Anyone who has ever caught a gastrointestinal (GI) virus knows just how uncomfortable an experience it can be. It is an infection characterized by nausea, vomiting and diarrhea (greater than 3 episodes/day) usually associated with a general sense of digestive unease and discomfort. Acute gastroenteritis can develop quickly and last anywhere from overnight to up to 10 days in more severe cases.
Between environmental factors, cleaning agents and the cold, dry air, our skin can take quite a bit of damage this time of year. While dry skin and cracked hands are to be expected when the weather turns chilly, a rash can be a sign of something more serious. Persistent rashes that won’t go away may require a closer look, especially if home treatment hasn’t been effective.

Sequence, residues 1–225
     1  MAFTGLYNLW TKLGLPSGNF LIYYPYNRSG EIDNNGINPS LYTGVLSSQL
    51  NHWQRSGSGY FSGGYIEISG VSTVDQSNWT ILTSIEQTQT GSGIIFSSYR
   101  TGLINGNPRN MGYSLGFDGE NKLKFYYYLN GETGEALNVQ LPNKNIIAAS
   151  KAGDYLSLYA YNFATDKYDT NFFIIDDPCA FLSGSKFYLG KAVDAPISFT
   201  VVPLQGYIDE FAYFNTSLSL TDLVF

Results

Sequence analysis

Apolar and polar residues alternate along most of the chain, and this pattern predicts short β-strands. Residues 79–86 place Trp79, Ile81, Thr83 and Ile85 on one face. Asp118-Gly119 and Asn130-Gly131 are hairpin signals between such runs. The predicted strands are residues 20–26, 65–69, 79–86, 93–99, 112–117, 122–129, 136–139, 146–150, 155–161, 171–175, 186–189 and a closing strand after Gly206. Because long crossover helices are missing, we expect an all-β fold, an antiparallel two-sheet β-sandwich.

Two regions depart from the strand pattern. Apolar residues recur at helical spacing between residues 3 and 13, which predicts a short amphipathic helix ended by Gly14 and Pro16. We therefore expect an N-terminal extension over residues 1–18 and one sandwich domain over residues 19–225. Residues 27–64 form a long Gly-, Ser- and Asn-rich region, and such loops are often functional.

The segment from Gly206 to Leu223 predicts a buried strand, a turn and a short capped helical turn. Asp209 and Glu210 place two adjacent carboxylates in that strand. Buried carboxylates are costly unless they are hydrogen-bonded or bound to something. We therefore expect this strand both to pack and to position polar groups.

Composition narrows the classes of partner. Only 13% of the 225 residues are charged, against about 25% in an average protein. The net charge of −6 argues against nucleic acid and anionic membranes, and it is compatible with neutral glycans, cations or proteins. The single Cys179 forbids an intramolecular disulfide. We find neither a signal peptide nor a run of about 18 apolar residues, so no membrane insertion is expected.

It’s the time of year when many of us end up developing sore, scratchy throats that can come seemingly out of nowhere. While the majority of sore throats can be attributed to factors such as seasonal change, airborne irritants and the common cold, there’s another culprit that can cause extremely painful sore throat as its main symptom—strep throat.
When it comes to fall illnesses, conjunctivitis—commonly referred to as “pink eye”—is among the most feared by parents. School-aged children are at a high level of risk of exposure to conjunctivitis, and though severe complications are rare, viral pink eye is incredibly contagious and can cause quite a bit of discomfort if left untreated.
Flu viruses are most common during the fall and winter months, with activity typically increasing in October and often not dwindling until April or May. So, what can you do to decrease your chances of getting sick this year? Aside from maintaining good hygiene, there’s no better defense against influenza than the flu shot.